In meetings with the President of Israel, Isaac Herzog, Defense Minister Benny Gantz, Finance Minister Avigdor Lieberman, Transportation Minister Merav Michaeli, and Foreign Minister and Alternate Prime Minister Yair Lapid, we discussed the crisis in Ukraine, the future of the Kotel, ensuring more funding and rights for non-Orthodox Jews, combatting racism, and stopping extremist violence against Palestinians, in addition to other pressing issues.
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It's rare to find a documentary set in the Middle East that isn't mired in politics and discord. Rarer still is one bathed in the kind of optimism and goodwill found in Beth Elise Hawk's new film, Breaking Bread. An inside look at a three-day food festival in Haifa, Israel, pairing Israeli and Muslim Arab chefs, Breaking Bread pursues peace through the power of creating top-notch cuisine.
The increasingly violent actions of certain young Jewish settlers in the West Bank against Palestinians - and against their olive trees, sheep herds, vehicles, homes, water supplies, and against their persons - have deeply troubled me, as just one awful symptom of our occupation. Last spring, in the ongoing, non-violent attempts to deter the frequent harassment by their Jewish settler neighbors, I went out twice to accompany Palestinian shepherds as they grazed their flocks.
An Israeli Reform Congregation Joins its Ethiopian Jewish Neighbors in Celebrating the Holiday of Sigd
For many generations, the Beta Israel had longed to reach Jerusalem in a quest to renew their covenant with God and for spiritual redemption. So strong was their desire that they created a holiday as a time to pray for this miracle. They called it Sigd (meaning "worship") and celebrated it on the 50th day after Yom Kippur. This year it is celebrated today, November 4.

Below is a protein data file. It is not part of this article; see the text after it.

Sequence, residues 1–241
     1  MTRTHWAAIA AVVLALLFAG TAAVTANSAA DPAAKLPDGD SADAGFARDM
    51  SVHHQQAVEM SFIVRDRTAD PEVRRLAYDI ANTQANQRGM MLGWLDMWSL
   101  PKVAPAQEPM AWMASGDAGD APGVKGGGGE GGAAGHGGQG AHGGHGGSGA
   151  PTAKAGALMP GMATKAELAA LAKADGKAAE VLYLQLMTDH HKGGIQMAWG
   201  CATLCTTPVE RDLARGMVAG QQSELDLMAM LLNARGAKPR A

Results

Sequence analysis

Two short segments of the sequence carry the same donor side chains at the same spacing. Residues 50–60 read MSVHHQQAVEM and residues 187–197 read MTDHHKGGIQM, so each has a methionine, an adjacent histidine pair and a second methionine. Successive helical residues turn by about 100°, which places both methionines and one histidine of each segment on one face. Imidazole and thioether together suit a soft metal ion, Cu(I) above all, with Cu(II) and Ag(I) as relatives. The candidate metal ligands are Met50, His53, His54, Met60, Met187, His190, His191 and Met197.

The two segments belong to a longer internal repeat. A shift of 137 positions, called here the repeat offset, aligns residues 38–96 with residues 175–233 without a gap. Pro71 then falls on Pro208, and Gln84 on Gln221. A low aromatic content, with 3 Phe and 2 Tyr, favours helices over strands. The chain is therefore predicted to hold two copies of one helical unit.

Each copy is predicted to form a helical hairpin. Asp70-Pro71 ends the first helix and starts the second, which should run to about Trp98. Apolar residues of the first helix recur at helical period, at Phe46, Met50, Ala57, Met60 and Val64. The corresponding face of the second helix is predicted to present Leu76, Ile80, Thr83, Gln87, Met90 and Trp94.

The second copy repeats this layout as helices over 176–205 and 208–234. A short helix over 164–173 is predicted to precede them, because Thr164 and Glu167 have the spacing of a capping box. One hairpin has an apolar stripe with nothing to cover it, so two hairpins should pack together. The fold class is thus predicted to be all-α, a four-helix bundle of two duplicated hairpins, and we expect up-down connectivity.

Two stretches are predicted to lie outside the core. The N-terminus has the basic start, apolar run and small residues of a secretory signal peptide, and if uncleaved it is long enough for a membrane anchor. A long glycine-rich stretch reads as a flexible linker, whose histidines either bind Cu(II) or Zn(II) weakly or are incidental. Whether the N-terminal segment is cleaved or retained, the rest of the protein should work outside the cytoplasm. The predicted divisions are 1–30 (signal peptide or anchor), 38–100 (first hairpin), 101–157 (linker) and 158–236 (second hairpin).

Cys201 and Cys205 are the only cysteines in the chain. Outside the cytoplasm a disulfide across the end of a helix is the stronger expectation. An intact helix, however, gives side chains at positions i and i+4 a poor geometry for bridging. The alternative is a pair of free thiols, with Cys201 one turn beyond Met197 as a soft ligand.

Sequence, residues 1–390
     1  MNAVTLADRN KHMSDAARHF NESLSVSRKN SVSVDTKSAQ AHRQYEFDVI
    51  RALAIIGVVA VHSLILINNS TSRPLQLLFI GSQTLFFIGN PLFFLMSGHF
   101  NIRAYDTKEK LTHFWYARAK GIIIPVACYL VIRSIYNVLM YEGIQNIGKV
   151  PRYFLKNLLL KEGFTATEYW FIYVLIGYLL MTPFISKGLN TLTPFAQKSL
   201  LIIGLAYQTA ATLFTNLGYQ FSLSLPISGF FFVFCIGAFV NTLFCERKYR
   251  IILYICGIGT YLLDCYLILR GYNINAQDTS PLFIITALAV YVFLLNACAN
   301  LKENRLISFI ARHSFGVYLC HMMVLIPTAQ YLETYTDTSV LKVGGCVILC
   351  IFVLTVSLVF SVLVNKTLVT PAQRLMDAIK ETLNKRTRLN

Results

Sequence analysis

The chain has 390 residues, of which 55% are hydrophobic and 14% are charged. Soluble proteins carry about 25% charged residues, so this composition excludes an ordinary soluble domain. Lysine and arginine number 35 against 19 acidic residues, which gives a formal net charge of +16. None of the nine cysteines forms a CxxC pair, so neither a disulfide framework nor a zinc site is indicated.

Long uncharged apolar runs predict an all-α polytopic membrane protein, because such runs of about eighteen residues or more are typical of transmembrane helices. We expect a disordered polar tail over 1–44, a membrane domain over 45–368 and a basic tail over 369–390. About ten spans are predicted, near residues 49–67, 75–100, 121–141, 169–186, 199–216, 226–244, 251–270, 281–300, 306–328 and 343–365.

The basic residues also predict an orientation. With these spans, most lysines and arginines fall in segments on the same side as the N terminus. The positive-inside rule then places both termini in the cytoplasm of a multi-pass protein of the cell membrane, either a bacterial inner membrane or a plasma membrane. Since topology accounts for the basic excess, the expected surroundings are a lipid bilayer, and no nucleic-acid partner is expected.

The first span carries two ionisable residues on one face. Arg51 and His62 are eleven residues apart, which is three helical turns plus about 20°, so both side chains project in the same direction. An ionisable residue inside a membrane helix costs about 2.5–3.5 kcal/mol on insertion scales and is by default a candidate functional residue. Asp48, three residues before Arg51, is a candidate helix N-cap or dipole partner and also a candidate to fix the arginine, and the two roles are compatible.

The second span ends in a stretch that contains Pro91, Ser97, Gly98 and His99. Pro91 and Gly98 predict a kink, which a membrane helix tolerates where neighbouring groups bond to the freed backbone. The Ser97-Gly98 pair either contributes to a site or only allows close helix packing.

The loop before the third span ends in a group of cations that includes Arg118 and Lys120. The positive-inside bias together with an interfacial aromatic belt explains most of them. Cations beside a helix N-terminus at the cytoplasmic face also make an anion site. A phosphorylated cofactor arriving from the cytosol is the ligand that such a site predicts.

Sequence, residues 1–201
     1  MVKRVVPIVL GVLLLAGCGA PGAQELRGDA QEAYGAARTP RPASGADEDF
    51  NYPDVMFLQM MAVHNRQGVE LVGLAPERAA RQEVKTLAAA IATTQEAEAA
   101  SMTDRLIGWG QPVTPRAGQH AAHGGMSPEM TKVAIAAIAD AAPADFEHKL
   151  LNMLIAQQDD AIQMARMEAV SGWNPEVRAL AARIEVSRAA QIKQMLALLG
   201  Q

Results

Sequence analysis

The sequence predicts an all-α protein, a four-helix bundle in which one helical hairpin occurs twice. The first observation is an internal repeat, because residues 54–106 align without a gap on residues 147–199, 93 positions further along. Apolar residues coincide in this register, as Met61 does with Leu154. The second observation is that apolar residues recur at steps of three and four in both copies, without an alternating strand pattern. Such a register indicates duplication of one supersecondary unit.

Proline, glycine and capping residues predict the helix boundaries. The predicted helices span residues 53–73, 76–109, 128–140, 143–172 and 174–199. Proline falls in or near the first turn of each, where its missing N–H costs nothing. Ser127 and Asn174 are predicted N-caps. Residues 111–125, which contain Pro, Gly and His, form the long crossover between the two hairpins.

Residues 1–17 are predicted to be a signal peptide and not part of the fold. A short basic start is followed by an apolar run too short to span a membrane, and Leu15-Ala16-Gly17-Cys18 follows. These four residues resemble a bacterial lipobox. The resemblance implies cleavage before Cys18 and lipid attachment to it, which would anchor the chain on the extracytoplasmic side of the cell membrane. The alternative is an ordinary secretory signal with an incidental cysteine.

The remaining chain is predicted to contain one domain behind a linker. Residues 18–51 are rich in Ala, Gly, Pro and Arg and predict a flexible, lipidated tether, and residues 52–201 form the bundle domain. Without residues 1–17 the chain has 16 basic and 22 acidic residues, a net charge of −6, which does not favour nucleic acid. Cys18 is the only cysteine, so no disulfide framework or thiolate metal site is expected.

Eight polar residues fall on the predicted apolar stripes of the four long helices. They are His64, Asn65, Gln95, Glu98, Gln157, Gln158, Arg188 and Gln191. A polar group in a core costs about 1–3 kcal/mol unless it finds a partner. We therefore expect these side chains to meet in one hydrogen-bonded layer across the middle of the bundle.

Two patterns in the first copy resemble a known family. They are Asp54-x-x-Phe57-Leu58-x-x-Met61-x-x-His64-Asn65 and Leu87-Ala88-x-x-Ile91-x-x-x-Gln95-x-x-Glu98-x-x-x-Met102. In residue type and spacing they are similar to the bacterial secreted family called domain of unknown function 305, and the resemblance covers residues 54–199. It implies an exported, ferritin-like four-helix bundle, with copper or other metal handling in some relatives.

On Sunday, Israel’s Knesset narrowly voted in Israel’s 36th government with Naftali Bennett as the nation’s 13th prime minister, unseating the incumbant Benjamin Netanyahu.
When the State of Israel was established in 1948, its secular founders envisioned a nation that would be both Jewish and attuned to the values of liberal democracy. They were confident that a country with an overwhelming Jewish majority could maintain a Jewish character and ensure civic equality for all its inhabitants.
The winds of change are blowing through Israel these days. This week the so-called “coalition for change” presented its new government to President Reuven Rivlin, ousting Benjamin Netanyahu after 12 consecutive years as Israel’s Prime Minister.
When my dream came true, and I was accepted to a PhD program at Harvard, I expected to struggle at times as a Zionist and former IDF officer.
Much of the rhetoric coming out of an American understanding of the Israeli-Palestinian interrelationship seriously lacks nuance. Nuance is cavalierly sacrificed on the altar of the soundbite and the hashtag. Those who preach liberal politics and tolerance based on their American experience seem unwilling to understand the complexity of the Israeli-Palestinian conflict.